Yes, there was a big debate that happened related to casting and people said that a new face from North India should be launched to play Mary Kom but the budget at which the film was being made was not viable and there was no scope for any new actor to be launched. If Mary’s story wouldn’t have been told in a big commercial way then the purpose wouldn’t have been solved. Unfortunately, people still ask Mary, if the place Manipur where she belongs to, is part of India. She told me something that really touched me. She said, ‘People know me after I represented India in Olympic but Indians started knowing me after you played Mary Kom.’ If you notice top five Bollywood actresses, nobody comes close to Mary and her physical characteristics. A lot has been said about South Indian stars who are not accepted in Bollywood. Why? Are they not Indians? I don’t think just because my face doesn’t look like Mary, I have not embodied her. Mary encouraged and appreciated me for my performance. I can proudly say that though I don’t look like Mary, I’ve portrayed the spirit of her to the best I can. I think no other actor could have played the part perfectly.
It must have been physically strenuous considering you had to learn boxing and had to undergo a strict exercise regime for three months…
Yes, it was physically strenuous to shoot the film. But I did my homework and preparations well like I did for characters like Jhilmil in Barfi! or Saat Khoon Maaf. I learnt boxing for about three months and did lot of exercise to look like a boxer. So that took a toll on my health.
What’s your success mantra?
There’s no replacement for hard work. My success mantra has always been hard work. Though it may sound filmi but the fact is that I get into the skin of the character I play on screen.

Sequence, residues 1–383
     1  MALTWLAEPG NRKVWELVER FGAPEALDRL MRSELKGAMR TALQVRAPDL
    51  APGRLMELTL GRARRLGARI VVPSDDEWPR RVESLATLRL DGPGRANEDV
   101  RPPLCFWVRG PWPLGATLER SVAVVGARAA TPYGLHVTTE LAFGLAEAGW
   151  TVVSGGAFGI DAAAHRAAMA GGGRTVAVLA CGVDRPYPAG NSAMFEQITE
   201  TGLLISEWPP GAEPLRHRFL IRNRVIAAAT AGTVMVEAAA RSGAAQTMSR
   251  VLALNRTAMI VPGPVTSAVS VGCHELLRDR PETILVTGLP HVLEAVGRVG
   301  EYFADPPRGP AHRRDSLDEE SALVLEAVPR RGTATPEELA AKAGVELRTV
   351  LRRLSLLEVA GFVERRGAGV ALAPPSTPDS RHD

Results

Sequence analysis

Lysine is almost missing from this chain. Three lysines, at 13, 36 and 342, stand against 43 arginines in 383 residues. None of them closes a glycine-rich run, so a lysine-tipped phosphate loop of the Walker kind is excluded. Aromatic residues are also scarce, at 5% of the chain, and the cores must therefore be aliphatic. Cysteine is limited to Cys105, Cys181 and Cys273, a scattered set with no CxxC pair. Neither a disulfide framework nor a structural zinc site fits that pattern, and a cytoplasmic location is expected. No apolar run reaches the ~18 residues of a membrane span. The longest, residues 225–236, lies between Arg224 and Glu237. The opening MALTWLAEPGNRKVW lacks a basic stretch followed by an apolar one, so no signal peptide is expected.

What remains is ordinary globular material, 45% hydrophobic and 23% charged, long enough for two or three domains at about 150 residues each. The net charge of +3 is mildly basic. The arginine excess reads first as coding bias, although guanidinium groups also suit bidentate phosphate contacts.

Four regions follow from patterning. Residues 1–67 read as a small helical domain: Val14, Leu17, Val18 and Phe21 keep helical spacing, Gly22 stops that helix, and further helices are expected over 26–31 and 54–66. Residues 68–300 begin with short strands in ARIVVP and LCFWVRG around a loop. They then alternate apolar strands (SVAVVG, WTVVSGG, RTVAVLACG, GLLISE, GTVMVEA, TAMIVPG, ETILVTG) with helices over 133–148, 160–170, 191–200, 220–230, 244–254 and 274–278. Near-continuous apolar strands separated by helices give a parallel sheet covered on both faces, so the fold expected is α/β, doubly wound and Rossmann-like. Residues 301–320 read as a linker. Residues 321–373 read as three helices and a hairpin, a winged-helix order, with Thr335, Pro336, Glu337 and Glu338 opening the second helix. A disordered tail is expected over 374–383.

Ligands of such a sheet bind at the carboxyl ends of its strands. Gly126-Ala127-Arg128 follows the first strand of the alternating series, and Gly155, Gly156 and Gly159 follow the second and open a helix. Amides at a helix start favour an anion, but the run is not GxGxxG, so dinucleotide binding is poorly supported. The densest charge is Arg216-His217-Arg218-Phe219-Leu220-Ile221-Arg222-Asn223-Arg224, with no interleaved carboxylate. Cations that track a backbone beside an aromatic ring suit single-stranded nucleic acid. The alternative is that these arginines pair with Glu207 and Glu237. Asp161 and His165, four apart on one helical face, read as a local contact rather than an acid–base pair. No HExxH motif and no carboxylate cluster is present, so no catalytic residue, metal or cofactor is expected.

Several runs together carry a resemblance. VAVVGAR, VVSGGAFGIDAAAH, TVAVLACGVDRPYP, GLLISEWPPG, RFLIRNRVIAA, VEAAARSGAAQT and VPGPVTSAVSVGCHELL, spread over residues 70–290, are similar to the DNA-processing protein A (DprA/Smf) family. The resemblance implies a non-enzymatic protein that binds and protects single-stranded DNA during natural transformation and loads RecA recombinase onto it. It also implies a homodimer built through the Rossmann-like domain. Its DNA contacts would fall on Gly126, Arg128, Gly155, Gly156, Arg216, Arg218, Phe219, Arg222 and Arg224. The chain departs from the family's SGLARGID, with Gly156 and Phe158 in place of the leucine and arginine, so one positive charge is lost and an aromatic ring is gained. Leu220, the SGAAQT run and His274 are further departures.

You had to sport a bald look in the film…
There was only one scene for which I needed to look bald which wasn’t an issue. But yes if I had to sport a bald look for the entire film, then I would have to think. There was no need to shave my head off.
Did you feel bad for not winning any award for Barfi!?
Of course, I felt bad for not winning award for Barfi! But my victory was the love and recognition from the audience and my fans. Awards do encourage an artist to work hard and if you don’t win it hurts you too. I never do films for awards. I’ll be the first person to clap for a deserving candidate at an award ceremony. I’m an artist and I appreciate good talent. Jhilmil was a very challenging role and to convince myself to play an autistic girl was the challenge which paid off big time.
Rani Mukerji raised objection to the word ‘male-centric’. What’s your take on it?
I recently said this in an interview that when you see a male protagonist film, do you say kya male-centric film hai! Why gender biased? Before hiring someone, you look at the person’s qualifications and not the gender.
After Mary Kom, you will start work on Madhur Bhandarkar’s Madamji which is your first production. Recently, there were reports that you asked Madhur to tone down the intimate scenes in the movie?
I don’t know where this came from. I haven’t heard the script yet though I heard the narration which didn’t include any intimate scene. Madhur hasn’t given me the script yet considering. Filmmaking is a team process. We sit together, discuss and alter scripts. The casting and Head Of Departments are still not finalized yet for Madamji. The writing is still going on.